Older patients in the ICU: a cautious analysis of epidemiologic data is required
KeywordsAdmission Rate Insurance Policy Prognostic Score Multicenter Cohort Cultural Bias
intensive care unit.
Recently published in Critical Care, Roch and colleagues' results have been extensively commented upon [1, 2]. Indeed, such observational studies are necessary to improve our understanding of ICU older patients' outcome . We plead for cautious analysis of these epidemiologic data, however, highlighting the following points.
Available studies are scarce, and are exposed to selection bias. In France, the seven main cohort studies exploring octogenarian patients' outcome so far published did not form a representative national sample [1, 2, 3]. Among the 42 participating centers, 27 were medical ICUs and 27 were located in teaching hospitals; moreover, the heterogeneous case mix across centers impaired meaningful comparisons [1, 2, 3].
Most of these data were collected several years ago, over huge periods of time - for example, the French cohorts were enrolled from 1991 to 1996 and from 2001 to 2006 [1, 2, 3]. The data were possibly biased by changes in practice occurring during this time, such as changes in triage and care recently reported in cohorts of ICU older patients [3, 4].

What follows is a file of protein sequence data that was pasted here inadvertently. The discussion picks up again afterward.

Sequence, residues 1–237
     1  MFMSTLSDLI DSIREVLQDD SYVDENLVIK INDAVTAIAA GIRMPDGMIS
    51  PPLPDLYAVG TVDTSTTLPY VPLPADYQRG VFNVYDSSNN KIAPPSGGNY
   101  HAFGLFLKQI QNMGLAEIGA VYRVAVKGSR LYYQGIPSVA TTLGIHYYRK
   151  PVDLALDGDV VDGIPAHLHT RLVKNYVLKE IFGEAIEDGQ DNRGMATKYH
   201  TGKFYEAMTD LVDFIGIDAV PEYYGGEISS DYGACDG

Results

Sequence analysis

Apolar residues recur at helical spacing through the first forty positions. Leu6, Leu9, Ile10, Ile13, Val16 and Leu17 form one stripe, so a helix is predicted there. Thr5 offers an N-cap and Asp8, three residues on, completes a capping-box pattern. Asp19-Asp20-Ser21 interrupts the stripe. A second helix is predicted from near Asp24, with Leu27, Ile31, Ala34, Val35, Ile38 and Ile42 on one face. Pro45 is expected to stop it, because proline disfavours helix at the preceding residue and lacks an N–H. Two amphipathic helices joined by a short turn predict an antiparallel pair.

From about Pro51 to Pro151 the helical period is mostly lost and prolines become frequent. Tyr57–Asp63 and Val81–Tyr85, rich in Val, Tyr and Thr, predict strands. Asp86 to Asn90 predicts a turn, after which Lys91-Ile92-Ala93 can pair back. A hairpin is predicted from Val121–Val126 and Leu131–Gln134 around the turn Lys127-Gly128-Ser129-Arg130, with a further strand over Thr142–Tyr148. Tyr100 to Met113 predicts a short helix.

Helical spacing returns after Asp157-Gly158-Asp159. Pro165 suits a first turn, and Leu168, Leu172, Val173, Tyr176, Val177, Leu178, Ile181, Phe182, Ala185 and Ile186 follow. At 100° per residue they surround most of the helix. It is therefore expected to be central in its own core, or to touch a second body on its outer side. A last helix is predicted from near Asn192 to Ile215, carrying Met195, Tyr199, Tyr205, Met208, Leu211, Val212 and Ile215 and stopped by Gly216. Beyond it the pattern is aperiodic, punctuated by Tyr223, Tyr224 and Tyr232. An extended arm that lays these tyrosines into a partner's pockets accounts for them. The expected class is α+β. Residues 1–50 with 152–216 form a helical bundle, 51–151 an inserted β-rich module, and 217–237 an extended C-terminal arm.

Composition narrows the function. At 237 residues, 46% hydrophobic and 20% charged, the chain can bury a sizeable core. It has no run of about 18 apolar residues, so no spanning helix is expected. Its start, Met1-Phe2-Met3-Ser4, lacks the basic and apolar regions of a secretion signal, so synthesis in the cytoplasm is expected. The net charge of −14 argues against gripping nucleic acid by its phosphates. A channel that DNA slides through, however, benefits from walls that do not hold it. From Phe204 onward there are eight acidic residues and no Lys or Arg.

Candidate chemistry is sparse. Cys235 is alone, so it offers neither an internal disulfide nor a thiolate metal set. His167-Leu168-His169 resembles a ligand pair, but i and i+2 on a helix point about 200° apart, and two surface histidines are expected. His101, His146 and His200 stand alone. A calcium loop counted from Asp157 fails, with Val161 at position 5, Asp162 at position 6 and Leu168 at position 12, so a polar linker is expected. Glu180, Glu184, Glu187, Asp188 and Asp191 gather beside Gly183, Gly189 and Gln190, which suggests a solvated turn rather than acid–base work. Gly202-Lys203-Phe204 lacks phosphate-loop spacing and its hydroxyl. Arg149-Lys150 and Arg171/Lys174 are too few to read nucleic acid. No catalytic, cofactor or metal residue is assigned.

Finally, cross-national comparisons are sensitive, exposed to cultural biases. Local end-of-life policies and insurance policies can strongly influence ICU epidemiology. Between the UK and the USA for example, the ICU admission rate varies from 1.3% to 11% among the older patients dying in hospital .
In order to improve the admission decision-making process for ICU older patients, we call for large multicenter cohort studies, followed over time, to obtain an accurate and updated picture of this nuanced and changing epidemiology. If we are to develop prognostic scores on such studies, we need to pay special attention to their design, to ensure their external validity.